Why duplicate when you can coordinate? If your gallery has exhibition PR taken care of, maybe you send a short handwritten note to a few critics or curators, inviting them to come to the show. Announce the show on your website or blog, again providing links to the gallery. Or maybe you promote yourself in an area outside the conventional parameters of gallery PR: your local paper, if it’s not in the same city as the gallery; a national publication whose demographic is specific to your identity or interests; even to your personal groups that might not go to a gallery if not for the fact that you re showing in it. "Tap into your network," says McKenzie.

Are You in An Exhibition Outside of the Gallery?
If you’re actively working on your career, it would be unusual if you didn’t show outside your gallery once in a while. It could be a solo or group effort, an invitational exhibition or independent curatorial effort, in an academic gallery, a non-profit, a co-op, or a regional museum. Depending on the circumstances, it might even be in another local/regional commercial gallery. Make sure your primary gallery (or the one that has facilitated the delivery of the work, or the one closest to the venue) is identified as representing you. For instance, I’m in a group show right now in a museum on Cape Cod. I have made sure that the work is identified as Courtesy of my gallery in Boston.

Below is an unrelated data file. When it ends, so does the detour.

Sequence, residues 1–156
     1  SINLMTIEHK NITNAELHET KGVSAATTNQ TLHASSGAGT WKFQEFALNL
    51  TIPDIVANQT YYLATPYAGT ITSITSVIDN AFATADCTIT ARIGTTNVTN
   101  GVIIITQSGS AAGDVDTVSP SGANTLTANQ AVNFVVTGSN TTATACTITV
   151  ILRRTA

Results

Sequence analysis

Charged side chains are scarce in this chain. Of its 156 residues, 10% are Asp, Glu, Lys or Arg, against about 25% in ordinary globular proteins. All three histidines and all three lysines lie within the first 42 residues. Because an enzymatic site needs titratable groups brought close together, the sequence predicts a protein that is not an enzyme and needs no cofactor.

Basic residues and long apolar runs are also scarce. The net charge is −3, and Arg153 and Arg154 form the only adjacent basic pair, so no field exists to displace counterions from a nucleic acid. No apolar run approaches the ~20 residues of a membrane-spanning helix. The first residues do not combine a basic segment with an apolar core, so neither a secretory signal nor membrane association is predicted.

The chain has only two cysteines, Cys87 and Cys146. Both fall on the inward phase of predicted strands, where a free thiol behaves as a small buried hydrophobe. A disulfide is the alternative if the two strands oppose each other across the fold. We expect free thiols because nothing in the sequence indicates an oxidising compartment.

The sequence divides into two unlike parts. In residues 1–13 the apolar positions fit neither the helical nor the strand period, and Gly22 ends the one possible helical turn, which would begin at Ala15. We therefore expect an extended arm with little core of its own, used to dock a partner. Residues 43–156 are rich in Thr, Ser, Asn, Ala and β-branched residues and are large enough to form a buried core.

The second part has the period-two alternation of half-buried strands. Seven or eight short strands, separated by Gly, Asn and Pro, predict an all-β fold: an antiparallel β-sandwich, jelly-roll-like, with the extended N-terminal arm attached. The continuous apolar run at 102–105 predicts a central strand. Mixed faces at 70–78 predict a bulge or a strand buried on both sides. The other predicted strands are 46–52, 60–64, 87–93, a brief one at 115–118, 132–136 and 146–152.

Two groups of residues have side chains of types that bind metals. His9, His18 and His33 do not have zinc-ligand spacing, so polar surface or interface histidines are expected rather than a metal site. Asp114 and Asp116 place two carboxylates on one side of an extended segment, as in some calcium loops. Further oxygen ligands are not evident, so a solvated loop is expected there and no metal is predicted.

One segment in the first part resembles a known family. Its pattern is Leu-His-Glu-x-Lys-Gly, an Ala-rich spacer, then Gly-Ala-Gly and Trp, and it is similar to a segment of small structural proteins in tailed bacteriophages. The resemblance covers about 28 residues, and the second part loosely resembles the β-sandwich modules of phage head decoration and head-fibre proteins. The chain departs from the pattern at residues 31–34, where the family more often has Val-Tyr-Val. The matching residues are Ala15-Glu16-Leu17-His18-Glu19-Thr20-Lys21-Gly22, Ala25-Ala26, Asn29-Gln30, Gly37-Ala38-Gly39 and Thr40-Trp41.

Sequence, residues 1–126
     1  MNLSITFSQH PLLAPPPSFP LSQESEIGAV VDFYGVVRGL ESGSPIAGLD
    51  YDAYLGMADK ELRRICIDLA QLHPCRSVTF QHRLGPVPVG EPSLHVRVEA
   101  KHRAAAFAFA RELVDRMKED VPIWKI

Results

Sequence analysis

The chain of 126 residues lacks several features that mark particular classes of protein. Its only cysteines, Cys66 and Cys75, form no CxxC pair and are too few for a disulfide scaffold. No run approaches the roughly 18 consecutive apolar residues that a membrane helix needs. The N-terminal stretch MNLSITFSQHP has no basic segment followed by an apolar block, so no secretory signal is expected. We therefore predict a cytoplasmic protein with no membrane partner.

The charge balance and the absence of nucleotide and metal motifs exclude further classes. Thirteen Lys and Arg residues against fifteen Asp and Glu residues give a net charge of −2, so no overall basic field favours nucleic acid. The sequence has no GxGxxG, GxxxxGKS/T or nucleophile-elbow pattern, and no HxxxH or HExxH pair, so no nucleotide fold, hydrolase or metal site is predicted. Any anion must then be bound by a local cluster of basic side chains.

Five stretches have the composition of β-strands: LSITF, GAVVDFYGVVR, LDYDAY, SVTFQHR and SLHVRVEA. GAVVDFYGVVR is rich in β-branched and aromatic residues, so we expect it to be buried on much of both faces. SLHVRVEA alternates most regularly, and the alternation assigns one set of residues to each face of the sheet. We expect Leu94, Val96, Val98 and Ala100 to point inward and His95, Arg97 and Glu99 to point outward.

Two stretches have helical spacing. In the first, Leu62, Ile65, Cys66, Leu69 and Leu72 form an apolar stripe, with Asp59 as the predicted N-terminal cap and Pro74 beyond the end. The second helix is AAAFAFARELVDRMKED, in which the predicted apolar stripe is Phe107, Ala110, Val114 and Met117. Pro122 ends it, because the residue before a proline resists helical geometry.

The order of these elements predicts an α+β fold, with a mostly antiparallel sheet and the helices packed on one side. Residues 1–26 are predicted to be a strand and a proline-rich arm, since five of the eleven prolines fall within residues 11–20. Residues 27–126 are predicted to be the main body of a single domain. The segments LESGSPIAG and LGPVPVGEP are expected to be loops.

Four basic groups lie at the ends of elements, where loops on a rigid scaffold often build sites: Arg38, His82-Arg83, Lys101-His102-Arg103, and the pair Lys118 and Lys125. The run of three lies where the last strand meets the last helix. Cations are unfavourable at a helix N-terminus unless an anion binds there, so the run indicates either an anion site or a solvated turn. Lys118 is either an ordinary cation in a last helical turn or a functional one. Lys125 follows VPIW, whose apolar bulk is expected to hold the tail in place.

You should know under what circumstances and for how much your primary gallery will share in the exhibiting gallery's sales commission if work is sold. A contract will spell this out. Since most of us don't work with documents beyond a consignment list, or a contract for a specific show, it's essential that you have a conversation with your dealer. (My feeling is that if you secure the show and the dealer will get a commission from the sale, that dealer should cover the cost of shipping the work if the second venue doesn't. I have also found that in galleries outside of New York it's unusual for the dealer to expect a commission on a show you secure on your own.)

Take Initiative
A few years ago I had a modest retrospective of 10 years' of encaustic painting at an academic gallery. It was the kind of show that my dealers were unlikely to put on, since much of the work had to be borrowed back from collectors, but all of them were excited for me. That being the case, I worked with the director of the academic venue to create a catalog of the show—and I asked each of my dealers to pre-purchase 100 copies of the catalog at cost. I got a great catalog for my time and effort, and they got many copies of a catalog at cost, which they were free to either sell or give away to collectors. Everyone was happy.

Or maybe you’d like a bifold or trifold card when all the gallery is prepared to pay for is a postcard. It happens. Most galleries don’t have your personal self promotion built into their budgets. Maybe you design it. Or split the cost above a certain amount, or you pay for the essay if they pay for the catalog. Or maybe all your self promotion has brought your career to the point that they take on the cost of the catalog themselves. There’s no hard-and-fast rule here, so a request, a discussion, some give and take, may result in some or most or all of what you ask for.